Tight Squeeze Looms For Holiday Travelers

Travel agent Agnes Ludwikowski got a shock this week while booking two round-trip tickets from Washington, D.C., to Denver.

"I wish I could find something lower but everyday they just seem to be going up," Ludwikowski told CBS News transportation and consumer safety correspondent Nancy Cordes.

One for this month for $375, and another for Thanksgiving weekend.

"We looked at the prices and it had jumped up to $691 - same exact flight and one month later. Double the price! Limited availability," Ludwikowski said.

Very limited.

According to the travel Web site FareCompare.com, U.S. Airways has 18,192 fewer seats the Wednesday before Thanksgiving than they did last November. Northwest, 11,300 fewer. Continental, 9,500 and United, 9,200.

"The number of flights hasn't changed that much. What's drastically changed is the size of airplanes," said Rick Seaney, CEO of FareCompare.com. "The airlines are flying 50-, 70- and 100-seat jets where they used to be flying 130- or 150-seat jets."

The cities that have lost the most seats - Detroit, Houston, Washington, Boston, Philadelphia and Minneapolis.

FYI: Check out how more cities rank and how many seats each airline cut this year.
"The cities that have a reduction in seats, I would try to avoid at all costs when connecting. Because what's gonna happen is you're gonna get there and if there is any delay, there's gonna be nowhere to put you," Seaney said.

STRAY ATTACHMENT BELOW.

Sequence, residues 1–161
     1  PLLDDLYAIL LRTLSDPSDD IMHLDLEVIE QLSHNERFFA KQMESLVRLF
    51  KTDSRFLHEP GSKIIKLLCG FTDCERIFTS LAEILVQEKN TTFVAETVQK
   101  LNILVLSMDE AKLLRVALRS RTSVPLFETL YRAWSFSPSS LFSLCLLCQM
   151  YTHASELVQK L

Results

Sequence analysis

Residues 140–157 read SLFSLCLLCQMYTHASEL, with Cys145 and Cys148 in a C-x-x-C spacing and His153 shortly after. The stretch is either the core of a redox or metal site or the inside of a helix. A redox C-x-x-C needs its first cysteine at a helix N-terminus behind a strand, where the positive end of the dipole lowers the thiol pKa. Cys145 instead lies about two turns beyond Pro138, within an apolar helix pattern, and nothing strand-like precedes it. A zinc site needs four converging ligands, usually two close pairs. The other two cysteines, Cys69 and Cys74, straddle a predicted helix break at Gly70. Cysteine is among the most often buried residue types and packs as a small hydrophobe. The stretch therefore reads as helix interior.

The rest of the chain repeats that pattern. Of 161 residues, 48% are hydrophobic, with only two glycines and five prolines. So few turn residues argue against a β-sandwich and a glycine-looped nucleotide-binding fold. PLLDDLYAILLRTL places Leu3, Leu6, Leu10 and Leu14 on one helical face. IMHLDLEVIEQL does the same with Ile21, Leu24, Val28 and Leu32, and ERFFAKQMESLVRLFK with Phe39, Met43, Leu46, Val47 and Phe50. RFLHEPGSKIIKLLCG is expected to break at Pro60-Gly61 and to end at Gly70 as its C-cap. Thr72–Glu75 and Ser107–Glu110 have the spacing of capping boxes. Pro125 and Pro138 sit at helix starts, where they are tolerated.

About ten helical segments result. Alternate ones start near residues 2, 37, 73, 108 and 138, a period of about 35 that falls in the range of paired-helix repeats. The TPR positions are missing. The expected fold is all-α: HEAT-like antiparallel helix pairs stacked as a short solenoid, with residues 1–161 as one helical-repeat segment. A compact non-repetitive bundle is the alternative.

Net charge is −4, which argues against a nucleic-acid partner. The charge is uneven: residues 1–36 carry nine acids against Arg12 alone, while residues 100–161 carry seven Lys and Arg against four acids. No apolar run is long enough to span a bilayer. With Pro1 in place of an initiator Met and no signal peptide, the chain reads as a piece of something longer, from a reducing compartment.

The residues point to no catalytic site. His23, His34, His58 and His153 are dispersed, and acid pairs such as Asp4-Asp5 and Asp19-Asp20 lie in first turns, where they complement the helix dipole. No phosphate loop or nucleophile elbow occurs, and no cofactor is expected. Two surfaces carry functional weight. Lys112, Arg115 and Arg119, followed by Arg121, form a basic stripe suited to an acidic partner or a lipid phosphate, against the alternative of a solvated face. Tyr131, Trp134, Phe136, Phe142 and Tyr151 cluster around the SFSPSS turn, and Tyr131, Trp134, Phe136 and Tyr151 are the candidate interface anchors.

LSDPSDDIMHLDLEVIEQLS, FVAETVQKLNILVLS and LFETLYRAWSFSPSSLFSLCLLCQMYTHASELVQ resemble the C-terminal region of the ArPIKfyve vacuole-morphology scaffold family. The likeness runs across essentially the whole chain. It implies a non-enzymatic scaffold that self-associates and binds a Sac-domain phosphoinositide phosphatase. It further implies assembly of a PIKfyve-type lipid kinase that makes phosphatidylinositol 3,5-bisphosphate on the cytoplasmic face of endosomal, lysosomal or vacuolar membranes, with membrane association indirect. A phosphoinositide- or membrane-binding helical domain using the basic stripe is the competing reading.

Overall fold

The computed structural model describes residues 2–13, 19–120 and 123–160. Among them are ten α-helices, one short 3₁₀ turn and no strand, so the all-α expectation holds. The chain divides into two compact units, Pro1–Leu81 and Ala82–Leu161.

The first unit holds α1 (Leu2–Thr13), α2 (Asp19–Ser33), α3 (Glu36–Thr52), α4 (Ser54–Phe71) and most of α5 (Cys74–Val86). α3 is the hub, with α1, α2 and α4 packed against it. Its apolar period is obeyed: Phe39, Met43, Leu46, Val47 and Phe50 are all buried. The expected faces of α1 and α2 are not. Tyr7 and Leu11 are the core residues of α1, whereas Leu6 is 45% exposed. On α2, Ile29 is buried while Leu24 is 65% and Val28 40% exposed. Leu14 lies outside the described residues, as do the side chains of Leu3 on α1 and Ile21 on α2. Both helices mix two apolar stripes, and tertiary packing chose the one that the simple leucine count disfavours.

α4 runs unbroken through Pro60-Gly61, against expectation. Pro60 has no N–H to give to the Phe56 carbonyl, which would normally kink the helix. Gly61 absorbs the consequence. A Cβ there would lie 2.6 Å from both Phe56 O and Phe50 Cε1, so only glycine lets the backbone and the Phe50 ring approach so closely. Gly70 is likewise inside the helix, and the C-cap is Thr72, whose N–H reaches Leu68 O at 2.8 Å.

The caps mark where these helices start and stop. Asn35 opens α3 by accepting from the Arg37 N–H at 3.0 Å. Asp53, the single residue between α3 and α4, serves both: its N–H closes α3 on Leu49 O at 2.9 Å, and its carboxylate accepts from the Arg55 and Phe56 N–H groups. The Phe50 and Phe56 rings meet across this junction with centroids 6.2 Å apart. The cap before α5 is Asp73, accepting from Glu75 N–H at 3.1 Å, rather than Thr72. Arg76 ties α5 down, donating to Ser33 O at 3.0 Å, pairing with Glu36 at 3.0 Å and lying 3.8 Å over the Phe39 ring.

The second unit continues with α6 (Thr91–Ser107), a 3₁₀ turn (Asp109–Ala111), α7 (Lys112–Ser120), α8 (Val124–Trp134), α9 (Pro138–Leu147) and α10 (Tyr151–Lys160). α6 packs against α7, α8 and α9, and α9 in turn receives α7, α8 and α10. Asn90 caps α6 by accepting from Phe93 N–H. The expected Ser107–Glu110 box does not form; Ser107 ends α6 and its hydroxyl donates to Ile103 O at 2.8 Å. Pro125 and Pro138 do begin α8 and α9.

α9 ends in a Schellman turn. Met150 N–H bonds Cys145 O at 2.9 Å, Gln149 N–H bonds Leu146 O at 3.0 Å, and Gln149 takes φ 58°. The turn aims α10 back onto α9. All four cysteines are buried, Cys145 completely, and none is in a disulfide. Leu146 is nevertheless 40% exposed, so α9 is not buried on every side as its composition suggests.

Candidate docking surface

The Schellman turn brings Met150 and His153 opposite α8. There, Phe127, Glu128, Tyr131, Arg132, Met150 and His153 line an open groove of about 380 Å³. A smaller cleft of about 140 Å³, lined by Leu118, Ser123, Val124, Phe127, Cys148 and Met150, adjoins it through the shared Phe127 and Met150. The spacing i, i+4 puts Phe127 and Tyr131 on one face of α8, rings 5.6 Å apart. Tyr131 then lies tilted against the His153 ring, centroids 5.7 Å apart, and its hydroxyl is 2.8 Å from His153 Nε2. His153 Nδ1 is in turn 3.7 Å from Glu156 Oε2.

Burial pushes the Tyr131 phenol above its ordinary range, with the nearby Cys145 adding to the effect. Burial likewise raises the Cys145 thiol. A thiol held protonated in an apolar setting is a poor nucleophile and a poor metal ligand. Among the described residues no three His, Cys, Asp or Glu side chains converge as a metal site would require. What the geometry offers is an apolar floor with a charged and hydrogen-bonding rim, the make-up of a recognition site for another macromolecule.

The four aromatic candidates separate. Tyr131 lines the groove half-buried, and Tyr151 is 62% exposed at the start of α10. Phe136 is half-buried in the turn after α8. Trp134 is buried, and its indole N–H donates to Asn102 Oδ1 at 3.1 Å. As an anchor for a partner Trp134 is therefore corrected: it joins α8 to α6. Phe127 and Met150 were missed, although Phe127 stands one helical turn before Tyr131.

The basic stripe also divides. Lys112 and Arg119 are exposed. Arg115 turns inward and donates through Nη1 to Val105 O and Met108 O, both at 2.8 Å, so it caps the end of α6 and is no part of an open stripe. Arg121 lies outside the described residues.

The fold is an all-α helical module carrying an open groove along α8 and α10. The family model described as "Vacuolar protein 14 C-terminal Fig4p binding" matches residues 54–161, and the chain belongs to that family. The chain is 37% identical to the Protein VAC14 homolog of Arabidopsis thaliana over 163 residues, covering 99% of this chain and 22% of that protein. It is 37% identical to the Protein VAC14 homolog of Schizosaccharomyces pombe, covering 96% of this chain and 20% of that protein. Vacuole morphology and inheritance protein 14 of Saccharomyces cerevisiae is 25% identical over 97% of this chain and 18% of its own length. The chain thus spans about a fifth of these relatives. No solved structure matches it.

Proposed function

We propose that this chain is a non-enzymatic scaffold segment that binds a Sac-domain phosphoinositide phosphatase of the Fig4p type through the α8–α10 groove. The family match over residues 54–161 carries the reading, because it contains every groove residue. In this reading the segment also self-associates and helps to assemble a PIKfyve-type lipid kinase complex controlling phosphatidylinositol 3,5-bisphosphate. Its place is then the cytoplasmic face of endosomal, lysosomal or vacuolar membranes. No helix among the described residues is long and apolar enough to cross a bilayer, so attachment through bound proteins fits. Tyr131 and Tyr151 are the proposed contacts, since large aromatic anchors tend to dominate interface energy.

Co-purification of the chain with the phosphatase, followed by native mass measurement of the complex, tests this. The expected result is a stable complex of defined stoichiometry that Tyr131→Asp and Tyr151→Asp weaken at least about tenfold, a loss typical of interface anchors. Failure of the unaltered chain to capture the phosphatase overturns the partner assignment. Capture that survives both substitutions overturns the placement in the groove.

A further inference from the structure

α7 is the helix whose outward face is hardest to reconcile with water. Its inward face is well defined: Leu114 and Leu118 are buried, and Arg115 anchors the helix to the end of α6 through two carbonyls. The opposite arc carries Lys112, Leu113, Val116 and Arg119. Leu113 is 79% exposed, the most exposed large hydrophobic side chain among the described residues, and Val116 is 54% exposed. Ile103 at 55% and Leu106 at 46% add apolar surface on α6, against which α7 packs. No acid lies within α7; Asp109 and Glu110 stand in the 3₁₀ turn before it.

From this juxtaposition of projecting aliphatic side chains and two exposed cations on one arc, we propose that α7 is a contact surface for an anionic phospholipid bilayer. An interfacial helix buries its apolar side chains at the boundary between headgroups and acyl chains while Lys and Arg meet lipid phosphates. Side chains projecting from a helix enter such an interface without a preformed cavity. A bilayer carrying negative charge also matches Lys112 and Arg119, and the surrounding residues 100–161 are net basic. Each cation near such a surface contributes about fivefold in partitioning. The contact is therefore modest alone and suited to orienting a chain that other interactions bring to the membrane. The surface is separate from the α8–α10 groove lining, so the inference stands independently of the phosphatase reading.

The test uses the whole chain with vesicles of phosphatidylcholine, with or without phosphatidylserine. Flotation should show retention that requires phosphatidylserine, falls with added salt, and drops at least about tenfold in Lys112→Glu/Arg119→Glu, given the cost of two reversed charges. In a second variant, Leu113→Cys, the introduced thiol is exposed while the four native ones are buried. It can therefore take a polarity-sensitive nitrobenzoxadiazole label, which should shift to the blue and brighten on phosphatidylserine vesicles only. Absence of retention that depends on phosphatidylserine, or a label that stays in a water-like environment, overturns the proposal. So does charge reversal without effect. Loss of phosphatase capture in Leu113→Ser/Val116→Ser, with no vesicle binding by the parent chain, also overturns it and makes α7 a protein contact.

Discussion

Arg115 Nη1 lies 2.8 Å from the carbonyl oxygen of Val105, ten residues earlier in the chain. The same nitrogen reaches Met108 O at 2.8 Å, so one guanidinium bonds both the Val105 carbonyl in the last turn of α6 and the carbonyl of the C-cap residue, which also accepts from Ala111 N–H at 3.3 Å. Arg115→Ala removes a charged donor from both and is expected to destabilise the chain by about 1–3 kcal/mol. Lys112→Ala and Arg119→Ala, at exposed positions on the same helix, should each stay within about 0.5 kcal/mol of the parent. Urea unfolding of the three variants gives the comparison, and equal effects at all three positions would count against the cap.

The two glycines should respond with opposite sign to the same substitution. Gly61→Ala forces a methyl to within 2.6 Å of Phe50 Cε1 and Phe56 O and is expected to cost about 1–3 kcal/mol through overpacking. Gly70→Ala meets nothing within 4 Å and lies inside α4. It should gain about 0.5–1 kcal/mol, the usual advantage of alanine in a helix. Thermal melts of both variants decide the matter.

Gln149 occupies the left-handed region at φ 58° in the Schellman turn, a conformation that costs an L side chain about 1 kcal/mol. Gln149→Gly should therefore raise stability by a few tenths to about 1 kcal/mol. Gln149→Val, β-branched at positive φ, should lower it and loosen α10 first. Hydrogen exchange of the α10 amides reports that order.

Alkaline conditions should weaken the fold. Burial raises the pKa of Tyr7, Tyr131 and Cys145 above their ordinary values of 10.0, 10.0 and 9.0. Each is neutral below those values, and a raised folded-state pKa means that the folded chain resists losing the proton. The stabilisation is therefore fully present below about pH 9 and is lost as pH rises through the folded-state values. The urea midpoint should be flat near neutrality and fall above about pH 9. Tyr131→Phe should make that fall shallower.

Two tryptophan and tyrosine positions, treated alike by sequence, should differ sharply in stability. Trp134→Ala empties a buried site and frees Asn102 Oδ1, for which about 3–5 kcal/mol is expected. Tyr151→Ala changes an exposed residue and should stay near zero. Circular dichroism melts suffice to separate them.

Switching to smaller regional jets has allowed the airlines to offer more flights per day, but the cost is capacity.

It would take nearly five Embracer 50-seaters to carry the load of one 757. Plus, there's less opportunity to stretch out. That's a point Southwest, which only flies full-sized planes, chose to highlight in its new ads.

And Southwest's fleet of 737s aren't even as large as the double-aisle widebodies, like 747s, that many airlines mothballed when travel demand fell after 9/11.

"Those planes have all been sold now. Or leased. They're being used in Central American, Eastern Europe, or Africa," said Aviation Industry Analyst Peter Goelz.

FareCompare.com did find that many of the budget airlines - Jet Blue, Air Tran, Southwest and the new Virgin America - have added thousands of seats since last Thanksgiving to cities such as Orlando, San Francisco, Denver, Seattle, Los Angeles and New Orleans.

And checking with those budget airlines may be the best bet if you want to get to Grandmother's house without breaking the bank.

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    Nancy Cordes is CBS News' congressional correspondent.